Return to Program Profiles California Lutheran University

California Lutheran University's initiative was built on the university’s federally-funded TRIO program that had operated for 20 years but never specifically targeted first-generation transfer students.  In 2008, a cohort of first-generation transfer students was introduced into an already successful summer bridge program.  The students lived on campus for one week, worked with a Transfer Student Leader, and spent the days in sessions on topics such as how to be a successful transfer student, time management, financial aid, and how to register for classes. Participants forged strong bonds with other transfer students as well as faculty members, staff, and students. The program also provided students with opportunities to explore career and graduate school options.
These students received scholarships and were actively recruited to participate in Student Support Services (SSS).
A key feature of the program was the effort to link the university’s program with the Extended Opportunity Program and Services (EOPS) of area community colleges. Since these programs serve similar populations in the SSS program at California Lutheran, this was a natural fit. CLU staff visited the EOPS staff on community college campuses, hosted them at CLU, and prepared information to be sent to other colleges.
California Lutheran also purchased a software package and employed a student assistant to produce articulation agreements with area community colleges. There are now fully articulated agreements with 11 community colleges, which has greatly eased transfer student concerns about academic progress.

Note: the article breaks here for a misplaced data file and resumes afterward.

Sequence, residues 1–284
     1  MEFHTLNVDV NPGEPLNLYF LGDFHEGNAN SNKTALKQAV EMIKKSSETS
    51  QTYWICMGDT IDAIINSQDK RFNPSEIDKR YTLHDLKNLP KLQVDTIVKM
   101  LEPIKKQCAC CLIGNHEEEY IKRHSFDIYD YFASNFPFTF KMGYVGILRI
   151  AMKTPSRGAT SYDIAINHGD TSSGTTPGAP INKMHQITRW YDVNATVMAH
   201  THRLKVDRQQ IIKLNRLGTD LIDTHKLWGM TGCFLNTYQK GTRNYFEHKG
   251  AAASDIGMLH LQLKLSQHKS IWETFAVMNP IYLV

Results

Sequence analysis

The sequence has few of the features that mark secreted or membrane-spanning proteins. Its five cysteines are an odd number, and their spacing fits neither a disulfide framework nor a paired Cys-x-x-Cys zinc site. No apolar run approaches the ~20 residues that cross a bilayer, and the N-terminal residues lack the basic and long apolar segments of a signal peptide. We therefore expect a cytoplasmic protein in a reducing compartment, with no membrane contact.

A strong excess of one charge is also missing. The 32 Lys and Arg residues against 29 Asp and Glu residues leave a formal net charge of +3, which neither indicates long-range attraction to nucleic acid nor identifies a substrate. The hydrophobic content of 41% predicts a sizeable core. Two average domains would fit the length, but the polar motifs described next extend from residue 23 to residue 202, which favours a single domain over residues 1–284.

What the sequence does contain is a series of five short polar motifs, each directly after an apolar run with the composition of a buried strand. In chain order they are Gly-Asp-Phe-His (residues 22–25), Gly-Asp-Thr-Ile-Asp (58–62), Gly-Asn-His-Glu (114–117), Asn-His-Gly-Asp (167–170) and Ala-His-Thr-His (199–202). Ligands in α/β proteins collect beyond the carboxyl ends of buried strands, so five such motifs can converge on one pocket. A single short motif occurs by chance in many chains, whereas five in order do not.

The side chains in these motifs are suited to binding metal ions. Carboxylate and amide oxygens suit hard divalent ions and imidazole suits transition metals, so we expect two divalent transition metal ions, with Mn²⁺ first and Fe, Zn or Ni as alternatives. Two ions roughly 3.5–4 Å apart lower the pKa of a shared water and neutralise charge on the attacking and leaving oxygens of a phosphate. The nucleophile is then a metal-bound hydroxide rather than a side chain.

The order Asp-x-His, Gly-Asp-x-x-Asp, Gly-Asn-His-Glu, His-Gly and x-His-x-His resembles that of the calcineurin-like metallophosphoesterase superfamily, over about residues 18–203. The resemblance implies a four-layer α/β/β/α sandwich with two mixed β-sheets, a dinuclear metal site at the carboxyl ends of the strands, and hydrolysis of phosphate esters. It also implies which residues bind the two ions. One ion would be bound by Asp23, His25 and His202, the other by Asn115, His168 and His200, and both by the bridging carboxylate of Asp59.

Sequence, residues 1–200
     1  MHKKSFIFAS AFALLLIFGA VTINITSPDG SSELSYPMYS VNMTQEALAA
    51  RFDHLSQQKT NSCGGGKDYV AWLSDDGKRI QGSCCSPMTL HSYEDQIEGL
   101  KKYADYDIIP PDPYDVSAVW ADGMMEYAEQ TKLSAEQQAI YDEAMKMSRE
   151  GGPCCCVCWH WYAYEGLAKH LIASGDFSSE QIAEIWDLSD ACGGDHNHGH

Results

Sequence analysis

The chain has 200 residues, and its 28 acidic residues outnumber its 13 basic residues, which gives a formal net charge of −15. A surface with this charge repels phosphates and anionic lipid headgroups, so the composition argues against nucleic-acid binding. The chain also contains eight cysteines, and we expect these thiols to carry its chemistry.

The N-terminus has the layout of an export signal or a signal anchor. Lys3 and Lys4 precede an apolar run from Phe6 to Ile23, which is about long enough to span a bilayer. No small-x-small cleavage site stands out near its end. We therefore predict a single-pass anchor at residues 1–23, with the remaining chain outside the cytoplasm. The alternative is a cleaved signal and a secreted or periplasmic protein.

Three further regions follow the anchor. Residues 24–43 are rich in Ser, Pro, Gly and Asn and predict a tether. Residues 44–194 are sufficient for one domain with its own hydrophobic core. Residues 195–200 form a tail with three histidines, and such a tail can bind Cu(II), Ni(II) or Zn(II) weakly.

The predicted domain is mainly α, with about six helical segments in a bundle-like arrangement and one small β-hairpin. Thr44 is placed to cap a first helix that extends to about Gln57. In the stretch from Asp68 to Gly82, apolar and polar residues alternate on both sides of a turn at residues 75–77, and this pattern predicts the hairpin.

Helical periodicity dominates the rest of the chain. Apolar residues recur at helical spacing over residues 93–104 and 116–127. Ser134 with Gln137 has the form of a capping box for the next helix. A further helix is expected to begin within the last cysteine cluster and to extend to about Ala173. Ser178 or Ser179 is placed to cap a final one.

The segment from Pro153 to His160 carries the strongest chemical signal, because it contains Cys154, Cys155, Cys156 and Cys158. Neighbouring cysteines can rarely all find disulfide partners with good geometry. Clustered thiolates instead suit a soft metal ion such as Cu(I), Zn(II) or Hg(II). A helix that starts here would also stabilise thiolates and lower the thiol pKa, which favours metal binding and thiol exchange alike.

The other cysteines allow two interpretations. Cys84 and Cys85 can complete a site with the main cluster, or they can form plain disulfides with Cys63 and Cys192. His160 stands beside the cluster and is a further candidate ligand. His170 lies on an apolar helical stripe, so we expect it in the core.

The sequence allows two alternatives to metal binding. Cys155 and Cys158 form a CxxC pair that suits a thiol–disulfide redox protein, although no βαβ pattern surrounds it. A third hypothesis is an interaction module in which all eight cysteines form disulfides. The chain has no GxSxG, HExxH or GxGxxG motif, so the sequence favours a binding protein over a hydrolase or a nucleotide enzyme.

Program Outcomes

The first-to-second-year retention rate of first-generation transfer students who participated in SSS was 75 percent compared with the retention rate for all first-generation students of 69 percent between spring 2008 and fall 2008. In 2009, 90 percent of first-generation transfer participants were retained or graduated. In 2010, the figure was 85 percent.
Equally important, the program helped improve admission rates. The CIC/Walmart Award enabled the university to successfully collaborate with local community colleges to increase the number of first-generation students who transferred to the university from community college—this program’s targeted campus population. For the 2008–2009 academic year, 46 first-generation transfer students applied to the university. That number increased to 86 for the 2009–2010 academic year.
The institution also was strengthened by the collaboration with community colleges, with which new articulation agreements were negotiated.


Program Updates

First-generation transfer students often are commuter students with sizable work commitments. Thus, they are a group that requires significant personal attention. It was challenging to schedule events that served their needs. Efforts are now being made to increase the level of participation in SSS activities. Various aspects of California Lutheran’s program have been institutionalized and are continuing.